To benchmark or not to benchmark?
That is the question. Or is it? Seek income directly if that’s what your client wants, and ignore the traditional benchmarks, were key messages from AMP Capital’s bi-annual Global Fixed Income Research Forum.
AMP Capital has been focusing on further customising its portfolios to meet the specific goals of clients.
“Rather than just allowing a portfolio manager to outperform a benchmark that itself may be going up and down, we say, ‘no, don’t think like that’, just deliver me stable income,” says AMP Capital Senior Investment Director Jeff Brunton. “No benchmark at all, just stable income. We don’t want managers to think of the benchmark as their starting point – at best its represent the opportunity set – so we ask them to go and deliver an investment strategy that will match what a customer desires.”
At AMP Capital, all traditional fixed interest funds have exceeded their benchmarks’ return over the past five-year period. This may be useful information for clients to know when choosing a fund manager, but it should not be the basis on how underlying fund managers make key investment decisions, according to AMP Capital Senior Portfolio Manager Stephan Hannaford.
The standard benchmark, the Bloomberg ausbond composite 0+ maturities index, incorporates a mix of government, semi-government, supranational and corporate bonds as well as a small amount of mortgage-backed securities and is market value weighted.
“The benchmark is inefficient because it naively provides exposure to important attributes such as income, liquidity and defensiveness based on market averages,” Hannaford told the forum. “It doesn’t give adequate exposure to credit and liquidity premia, therefore providing insufficient income.”
The solution, according to the AMP Capital Global Fixed Income team, has been to build a new framework that systematically creates tailored solutions to meet the individual needs of investors. In the context of a typical 60/40 portfolio (ie: 60% equity and 40% fixed income), the AMP Capital optimised portfolio has more credit, a duration of nine years versus the standard five years; and a lower allocation to cash and liquid securities.
“Interestingly, this gets the fixed income portfolio more in line with the duration of global bond benchmarks, where issuance is longer dated and average yields are lower, which takes duration longer,” says Hannaford.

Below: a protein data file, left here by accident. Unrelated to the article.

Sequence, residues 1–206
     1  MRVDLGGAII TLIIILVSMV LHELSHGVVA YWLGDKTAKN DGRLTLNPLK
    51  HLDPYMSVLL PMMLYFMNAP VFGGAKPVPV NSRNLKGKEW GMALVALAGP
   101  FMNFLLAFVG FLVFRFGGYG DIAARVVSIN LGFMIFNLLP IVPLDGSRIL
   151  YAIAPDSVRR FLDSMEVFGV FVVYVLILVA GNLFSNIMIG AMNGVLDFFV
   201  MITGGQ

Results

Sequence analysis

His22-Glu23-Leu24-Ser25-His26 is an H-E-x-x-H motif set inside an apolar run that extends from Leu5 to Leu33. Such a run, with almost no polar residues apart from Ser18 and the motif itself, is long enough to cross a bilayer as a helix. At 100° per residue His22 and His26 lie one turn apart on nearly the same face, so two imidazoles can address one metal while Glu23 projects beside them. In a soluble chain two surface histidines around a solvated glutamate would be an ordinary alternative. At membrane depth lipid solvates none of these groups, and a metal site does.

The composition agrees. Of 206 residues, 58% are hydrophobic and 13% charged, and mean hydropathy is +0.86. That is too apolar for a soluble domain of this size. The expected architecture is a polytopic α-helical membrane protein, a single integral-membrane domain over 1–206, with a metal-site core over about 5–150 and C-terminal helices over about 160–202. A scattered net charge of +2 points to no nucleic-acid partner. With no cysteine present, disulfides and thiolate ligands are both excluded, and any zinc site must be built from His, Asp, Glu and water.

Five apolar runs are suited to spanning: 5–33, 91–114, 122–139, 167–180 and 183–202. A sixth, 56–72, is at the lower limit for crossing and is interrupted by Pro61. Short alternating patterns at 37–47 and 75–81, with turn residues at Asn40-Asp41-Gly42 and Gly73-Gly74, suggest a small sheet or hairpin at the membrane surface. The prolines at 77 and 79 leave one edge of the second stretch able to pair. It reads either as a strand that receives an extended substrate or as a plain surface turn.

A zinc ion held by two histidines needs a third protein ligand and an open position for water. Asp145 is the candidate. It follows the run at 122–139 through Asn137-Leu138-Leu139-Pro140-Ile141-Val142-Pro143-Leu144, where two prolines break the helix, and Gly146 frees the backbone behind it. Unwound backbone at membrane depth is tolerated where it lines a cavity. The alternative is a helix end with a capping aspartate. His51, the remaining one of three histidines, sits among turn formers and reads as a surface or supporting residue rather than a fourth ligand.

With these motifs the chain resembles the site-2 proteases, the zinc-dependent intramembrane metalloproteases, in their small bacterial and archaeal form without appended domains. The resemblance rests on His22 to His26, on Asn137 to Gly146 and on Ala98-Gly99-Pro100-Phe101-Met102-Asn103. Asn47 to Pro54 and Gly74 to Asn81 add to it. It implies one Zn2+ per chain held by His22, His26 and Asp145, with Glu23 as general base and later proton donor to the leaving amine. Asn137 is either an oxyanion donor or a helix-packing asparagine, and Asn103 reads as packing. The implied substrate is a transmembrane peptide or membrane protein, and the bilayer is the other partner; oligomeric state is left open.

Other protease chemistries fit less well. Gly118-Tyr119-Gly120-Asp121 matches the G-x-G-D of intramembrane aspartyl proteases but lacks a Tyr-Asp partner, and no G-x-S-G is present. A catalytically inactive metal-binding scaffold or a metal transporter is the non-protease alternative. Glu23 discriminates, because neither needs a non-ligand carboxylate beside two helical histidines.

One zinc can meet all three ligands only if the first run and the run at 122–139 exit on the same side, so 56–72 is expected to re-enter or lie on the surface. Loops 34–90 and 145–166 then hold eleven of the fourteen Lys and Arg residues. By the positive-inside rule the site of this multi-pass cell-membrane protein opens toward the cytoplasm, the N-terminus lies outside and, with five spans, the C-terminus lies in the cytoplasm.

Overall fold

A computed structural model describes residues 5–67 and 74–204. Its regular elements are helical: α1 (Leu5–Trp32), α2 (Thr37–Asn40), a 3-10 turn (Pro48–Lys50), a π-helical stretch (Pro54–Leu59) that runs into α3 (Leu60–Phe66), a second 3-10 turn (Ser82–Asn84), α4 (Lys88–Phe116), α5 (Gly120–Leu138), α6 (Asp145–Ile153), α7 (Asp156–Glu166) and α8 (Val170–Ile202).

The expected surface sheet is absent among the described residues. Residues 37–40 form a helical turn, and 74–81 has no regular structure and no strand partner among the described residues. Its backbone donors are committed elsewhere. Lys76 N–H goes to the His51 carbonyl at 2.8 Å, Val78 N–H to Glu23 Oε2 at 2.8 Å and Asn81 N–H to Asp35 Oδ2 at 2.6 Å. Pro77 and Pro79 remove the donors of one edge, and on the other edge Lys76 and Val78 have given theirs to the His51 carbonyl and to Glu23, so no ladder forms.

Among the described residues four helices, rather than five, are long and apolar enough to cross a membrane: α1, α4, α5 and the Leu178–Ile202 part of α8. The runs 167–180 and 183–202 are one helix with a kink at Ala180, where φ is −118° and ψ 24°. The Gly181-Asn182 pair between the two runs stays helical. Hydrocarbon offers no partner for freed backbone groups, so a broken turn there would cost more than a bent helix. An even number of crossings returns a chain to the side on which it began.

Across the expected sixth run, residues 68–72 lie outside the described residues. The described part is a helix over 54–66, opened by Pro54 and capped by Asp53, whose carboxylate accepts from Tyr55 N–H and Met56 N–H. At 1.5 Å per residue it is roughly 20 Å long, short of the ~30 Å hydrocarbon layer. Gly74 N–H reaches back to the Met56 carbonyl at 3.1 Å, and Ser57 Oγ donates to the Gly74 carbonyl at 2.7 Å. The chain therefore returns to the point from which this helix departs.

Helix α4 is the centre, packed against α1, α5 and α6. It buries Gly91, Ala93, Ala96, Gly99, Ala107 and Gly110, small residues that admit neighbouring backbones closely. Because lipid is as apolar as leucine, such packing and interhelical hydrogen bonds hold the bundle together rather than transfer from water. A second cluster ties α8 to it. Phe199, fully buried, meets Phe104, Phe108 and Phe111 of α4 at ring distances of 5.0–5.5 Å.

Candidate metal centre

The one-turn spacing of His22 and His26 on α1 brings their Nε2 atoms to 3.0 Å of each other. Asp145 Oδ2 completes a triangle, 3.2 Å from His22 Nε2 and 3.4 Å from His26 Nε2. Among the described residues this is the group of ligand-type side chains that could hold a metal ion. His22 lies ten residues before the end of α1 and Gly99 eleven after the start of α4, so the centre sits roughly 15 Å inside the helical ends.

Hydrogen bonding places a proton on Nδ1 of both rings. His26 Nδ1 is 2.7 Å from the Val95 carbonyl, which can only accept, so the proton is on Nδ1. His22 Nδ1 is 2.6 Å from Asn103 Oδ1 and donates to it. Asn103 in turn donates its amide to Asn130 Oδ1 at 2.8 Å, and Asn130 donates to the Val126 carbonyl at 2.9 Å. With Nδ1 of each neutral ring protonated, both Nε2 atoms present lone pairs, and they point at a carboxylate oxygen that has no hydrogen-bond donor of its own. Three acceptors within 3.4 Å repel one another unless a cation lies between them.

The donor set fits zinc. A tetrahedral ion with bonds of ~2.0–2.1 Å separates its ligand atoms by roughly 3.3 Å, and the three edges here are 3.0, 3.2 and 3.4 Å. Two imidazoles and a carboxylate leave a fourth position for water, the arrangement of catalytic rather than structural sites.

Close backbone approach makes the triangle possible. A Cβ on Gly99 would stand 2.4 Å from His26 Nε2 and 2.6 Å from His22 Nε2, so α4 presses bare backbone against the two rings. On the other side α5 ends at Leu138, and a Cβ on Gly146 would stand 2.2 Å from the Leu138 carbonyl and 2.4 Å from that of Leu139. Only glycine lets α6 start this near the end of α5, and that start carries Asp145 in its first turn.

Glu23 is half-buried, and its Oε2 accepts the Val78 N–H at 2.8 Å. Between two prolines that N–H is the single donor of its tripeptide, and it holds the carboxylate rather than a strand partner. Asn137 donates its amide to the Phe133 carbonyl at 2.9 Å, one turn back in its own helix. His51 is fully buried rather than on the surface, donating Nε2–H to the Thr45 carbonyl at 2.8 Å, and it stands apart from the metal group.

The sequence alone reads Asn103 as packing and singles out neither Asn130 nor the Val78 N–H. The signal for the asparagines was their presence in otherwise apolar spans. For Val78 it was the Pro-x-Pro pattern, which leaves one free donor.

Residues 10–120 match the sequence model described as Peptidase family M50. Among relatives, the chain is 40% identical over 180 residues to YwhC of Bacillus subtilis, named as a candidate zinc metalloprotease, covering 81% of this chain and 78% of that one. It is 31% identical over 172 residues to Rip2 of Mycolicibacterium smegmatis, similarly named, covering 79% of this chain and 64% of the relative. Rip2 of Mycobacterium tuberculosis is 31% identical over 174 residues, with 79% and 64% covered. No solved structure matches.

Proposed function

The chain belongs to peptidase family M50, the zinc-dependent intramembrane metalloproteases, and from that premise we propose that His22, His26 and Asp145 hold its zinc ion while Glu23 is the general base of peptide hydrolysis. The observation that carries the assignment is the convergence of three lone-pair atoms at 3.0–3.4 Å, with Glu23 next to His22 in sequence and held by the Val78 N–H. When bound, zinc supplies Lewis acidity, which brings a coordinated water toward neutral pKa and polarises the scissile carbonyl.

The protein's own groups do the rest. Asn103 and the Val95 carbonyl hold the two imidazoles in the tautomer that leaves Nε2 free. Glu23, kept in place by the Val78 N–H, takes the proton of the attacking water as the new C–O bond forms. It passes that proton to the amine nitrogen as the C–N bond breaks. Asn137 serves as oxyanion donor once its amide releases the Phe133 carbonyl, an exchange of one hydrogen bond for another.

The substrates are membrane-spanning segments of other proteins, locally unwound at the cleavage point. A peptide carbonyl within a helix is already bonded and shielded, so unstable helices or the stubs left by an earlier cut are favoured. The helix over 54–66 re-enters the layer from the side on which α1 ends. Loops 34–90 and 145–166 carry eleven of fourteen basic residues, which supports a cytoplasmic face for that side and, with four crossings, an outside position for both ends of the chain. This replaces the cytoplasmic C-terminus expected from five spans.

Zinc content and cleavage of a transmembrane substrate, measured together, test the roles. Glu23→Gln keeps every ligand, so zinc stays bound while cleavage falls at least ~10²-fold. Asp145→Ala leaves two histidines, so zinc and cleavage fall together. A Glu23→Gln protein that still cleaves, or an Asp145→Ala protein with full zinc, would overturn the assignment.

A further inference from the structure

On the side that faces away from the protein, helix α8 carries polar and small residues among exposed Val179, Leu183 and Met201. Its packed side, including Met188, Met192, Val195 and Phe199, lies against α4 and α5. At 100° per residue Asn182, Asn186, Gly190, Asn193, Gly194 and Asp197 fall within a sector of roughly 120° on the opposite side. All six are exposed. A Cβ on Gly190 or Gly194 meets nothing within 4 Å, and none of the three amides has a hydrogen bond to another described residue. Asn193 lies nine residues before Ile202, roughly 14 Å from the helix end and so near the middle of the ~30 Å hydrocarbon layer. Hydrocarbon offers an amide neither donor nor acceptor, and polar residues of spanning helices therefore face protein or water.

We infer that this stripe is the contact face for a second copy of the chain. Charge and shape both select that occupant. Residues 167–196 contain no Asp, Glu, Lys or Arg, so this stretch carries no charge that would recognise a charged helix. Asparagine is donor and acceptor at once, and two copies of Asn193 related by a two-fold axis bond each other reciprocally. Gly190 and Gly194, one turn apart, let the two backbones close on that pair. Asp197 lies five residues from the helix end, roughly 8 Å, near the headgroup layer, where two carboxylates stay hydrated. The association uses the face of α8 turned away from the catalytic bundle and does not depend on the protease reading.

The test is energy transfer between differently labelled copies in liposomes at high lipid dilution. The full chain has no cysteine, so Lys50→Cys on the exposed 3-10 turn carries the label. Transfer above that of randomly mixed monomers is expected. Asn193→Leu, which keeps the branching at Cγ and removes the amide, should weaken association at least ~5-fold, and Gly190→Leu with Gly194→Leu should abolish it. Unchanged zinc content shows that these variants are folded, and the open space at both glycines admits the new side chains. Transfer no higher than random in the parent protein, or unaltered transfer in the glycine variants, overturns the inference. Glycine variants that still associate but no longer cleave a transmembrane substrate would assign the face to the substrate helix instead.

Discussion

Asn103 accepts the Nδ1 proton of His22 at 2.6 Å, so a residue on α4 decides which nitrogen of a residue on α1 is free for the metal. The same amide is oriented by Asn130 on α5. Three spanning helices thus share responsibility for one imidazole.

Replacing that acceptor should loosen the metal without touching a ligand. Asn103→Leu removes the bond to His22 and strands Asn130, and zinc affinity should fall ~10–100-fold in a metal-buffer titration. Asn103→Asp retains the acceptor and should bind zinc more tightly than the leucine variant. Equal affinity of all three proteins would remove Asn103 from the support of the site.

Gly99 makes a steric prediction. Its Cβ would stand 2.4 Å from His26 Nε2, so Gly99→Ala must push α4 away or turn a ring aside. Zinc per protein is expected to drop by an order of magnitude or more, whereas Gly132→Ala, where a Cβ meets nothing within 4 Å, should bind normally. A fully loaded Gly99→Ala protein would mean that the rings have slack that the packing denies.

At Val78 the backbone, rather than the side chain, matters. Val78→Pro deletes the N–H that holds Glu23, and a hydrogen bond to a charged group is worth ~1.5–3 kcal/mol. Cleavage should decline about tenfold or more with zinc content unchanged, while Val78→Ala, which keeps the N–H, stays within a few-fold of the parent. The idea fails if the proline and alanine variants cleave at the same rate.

The framework also allows the reference portfolio to be modified to suit investors’ individual appetite for factors such as different income levels, greater control on drawdowns or different levels of liquidity.
The question of how to optimise access to the credit risk premium in the corporate bond market was also addressed at the forum.
AMP Capital Senior Portfolio Manager of Global Fixed Income Matthew Sleight told the audience that the standard benchmark does an inadequate job of optimally accessing the credit risk premium. His team has created a superior reference portfolio – basically its own credit benchmark – that it believes more efficiently captures credit risk in the corporate bond market. In the US market, the AMP Capital credit reference portfolio suggests meaningfully different exposures to that of the benchmark indices.
“Our analysis tells us the standard index is underexposed to industries such as consumer staples, utilities, pharmaceuticals, transport, while it is unnecessarily exposed to banks, investment banks, technology and consumer discretionary,” says Sleight.
“We identify a better allocation to credit by incorporating our understanding of risk and return. We’ve defined the credit reference portfolios as a better starting point than traditional benchmarks. Returns can be further improved upon by using active credit selection within industries,” he says.
In the Australian market, AMP Capital Portfolio Analyst Credit Global Fixed Income Manroop Singh also found the opportunity to build a superior reference portfolio relative to the benchmark.
The issue in Australia is the dominance of banks as credit issuers in a highly-concentrated market.
“The domestic credit market can be crudely denominated into banks and non-banks,” says Singh.
“What would happen if you had a zero allocation to banks? Well its return prospects are higher but so too is its volatility. And the increase in volatility isn’t adequately compensated for by the higher return. So this would be a sub-par way to access the credit risk premium. This highlights the benefits of diversification.”
While managing short-term risk is important to many funds, there can be another side to this equation: funds can profit from the strategy of buying the risk others are seeking to get rid of. Known as volatility risk premium capture, it can be handy tool for enhancing and diversifying returns in the context of a balance fund, according to AMP Capital Global Fixed Income Portfolio Manager Alexson Lee.
“Volatility itself is volatile,” says Lee, meaning that there is opportunity to access a risk premium by selling protection against the expansion of volatility.
“Increasing numbers of investors are looking at volatility as a separate asset class,” says Lee. “In particular, volatility risk premia compensates investors for selling volatility protection and it can be regarded as a type of carry strategy. Similar to other carry strategies, it has historically delivered attractive incremental returns and can be expected to continue to do so.”
More insights from our Global Fixed Income Forum 2017